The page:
Work-life Balance

I have been seeing and hearing more from my friends, acquaintances, and even total strangers about “work-life balance.” It has really been setting me off. Sometimes I have very strong opinions about relatively minor things. At least, they seem like minor things to other people. “Work-life balance” is exactly one of these things. I am bothered because the choice of words in the phrase is fundamentally incorrect, but I’m even more bothered because of what this improper word choice reveals about our culture.

The Words are Wrong

Like any true curmudgeon, I have a huge problem with the choice of terms here. The choice of terms in “work-life balance” carries a lot of assumptions with it that I’m not willing to tacitly endorse by using the phrase. The opposite of work is not life. I don’t stop being alive when I am at work. Even when I had a terrible job in the kitchen at a Papa John’s restaurant in High School, I was definitely still alive. The fact is that work is part of my life.

If I were looking for the proper words, I would probably pick leisure, or relaxation. These are what we’re talking about anyway, right? I mean, I know a lot of parents of young children who work, and they have problems with work-life balance even when they are working less than people without children, because people caring for young children have essentially no leisure time. That non-work time is all filled up with keeping other humans alive and agonizing that you aren’t keeping them alive perfectly enough to keep up with their peers.

The final word is just as bad. “Balance” carries a lot of baggage. It implies that these two extremes must be actively managed, which makes sense until you start thinking about who is supposed to be doing that management. In nearly every usage of the phrase that I have seen, the responsibility to balance these two goals is presented as belonging to the individual only, and not to any employer or to society. At best the employer is presented as an enabler of “work-life balance,” not as its champion. Discussions around achieving “work-life balance” typically involve things like having flexible hours or working from home. Here’s the thing: you can’t achieve balance without changing the load. If many people in your industry are having problems with work-life balance, it is not a flexibility problem, it is a work load problem.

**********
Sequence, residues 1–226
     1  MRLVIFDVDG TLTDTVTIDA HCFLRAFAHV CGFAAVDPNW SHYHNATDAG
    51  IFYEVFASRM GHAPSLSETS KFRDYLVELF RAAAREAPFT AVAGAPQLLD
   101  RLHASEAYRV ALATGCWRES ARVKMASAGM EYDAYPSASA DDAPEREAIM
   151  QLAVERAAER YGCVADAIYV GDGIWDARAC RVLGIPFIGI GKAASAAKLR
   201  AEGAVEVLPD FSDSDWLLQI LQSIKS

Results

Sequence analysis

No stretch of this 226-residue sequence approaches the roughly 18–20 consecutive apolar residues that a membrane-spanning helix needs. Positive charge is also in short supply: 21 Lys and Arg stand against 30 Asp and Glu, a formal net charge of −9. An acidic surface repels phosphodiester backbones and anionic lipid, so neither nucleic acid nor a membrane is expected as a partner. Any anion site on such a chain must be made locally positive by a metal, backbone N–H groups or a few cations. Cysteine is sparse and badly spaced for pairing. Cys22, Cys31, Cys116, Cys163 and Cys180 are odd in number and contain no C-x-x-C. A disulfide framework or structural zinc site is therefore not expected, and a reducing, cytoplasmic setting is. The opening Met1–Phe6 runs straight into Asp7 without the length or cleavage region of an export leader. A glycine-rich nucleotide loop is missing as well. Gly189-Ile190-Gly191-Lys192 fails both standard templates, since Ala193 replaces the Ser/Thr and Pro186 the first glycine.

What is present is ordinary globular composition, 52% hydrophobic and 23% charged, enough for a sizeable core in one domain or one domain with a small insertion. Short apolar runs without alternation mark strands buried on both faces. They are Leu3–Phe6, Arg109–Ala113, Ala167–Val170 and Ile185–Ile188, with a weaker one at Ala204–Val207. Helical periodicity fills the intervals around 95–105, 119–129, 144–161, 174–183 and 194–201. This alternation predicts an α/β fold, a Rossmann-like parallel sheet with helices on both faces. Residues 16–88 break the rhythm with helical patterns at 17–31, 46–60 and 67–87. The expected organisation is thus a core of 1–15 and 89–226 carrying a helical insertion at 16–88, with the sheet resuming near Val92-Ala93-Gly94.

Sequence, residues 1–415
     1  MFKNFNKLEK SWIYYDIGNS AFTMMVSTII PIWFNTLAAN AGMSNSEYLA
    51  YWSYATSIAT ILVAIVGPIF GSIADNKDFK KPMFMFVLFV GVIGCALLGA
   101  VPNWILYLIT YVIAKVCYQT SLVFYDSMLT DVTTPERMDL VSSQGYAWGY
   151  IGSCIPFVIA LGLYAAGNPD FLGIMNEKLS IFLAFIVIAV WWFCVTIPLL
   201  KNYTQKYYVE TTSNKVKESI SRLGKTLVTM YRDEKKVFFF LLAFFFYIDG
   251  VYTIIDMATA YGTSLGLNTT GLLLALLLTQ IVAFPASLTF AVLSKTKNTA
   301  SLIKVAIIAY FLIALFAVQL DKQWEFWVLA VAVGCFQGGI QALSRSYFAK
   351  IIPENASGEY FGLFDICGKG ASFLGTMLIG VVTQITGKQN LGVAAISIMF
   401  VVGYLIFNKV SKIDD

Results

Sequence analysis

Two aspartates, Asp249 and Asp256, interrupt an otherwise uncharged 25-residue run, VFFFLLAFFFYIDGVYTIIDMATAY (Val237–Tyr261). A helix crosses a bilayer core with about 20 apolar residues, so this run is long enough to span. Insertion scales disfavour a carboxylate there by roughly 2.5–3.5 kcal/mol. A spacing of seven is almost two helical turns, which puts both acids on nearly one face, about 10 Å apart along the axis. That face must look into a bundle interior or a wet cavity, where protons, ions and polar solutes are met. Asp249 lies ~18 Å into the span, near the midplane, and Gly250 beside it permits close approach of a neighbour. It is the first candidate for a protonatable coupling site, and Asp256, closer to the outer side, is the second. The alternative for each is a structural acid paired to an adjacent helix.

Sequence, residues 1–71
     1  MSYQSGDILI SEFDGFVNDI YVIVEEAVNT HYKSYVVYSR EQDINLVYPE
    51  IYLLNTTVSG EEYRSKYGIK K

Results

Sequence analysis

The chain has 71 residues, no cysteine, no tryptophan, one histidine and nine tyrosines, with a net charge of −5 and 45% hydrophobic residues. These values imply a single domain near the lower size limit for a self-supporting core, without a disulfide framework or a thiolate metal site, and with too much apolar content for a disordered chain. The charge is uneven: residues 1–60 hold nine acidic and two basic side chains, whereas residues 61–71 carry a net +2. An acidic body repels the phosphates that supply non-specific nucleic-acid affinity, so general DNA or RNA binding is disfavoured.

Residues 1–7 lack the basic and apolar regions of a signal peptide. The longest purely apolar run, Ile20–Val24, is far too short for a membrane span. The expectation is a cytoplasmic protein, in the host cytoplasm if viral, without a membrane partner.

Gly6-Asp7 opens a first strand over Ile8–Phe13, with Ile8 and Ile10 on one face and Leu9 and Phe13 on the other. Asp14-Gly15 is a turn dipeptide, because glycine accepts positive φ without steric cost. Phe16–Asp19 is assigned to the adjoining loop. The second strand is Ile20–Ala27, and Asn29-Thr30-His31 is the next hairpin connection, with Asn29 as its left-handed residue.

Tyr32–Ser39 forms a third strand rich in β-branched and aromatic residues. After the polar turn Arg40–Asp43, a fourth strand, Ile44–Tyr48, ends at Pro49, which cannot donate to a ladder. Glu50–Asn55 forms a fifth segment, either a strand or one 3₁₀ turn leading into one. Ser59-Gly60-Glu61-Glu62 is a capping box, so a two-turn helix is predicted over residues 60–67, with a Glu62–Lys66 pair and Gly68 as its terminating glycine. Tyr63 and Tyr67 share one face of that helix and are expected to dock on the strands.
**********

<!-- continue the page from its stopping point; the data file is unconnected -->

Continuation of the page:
Word Choice Matters

The thing is, if this were just an issue of poor word choice, the curmudgeon in me would complain, but I would just move on. But something more is going on here. The phrase “work-life balance” places these two ideas at opposite ends of a dialectic tension, which serves to draw hard lines around work in ways that we often take for granted because they are common in modernized economies. The truth is that these hard lines are largely an exception from the perspective of human history. The homestead was the site of a majority of work for most of recorded human existence. Even when work didn’t occur in the family residence, the family often spent time at the place of work. The separation of work and the rest of our lives is both artificial and recent. It is also, I think, harmful.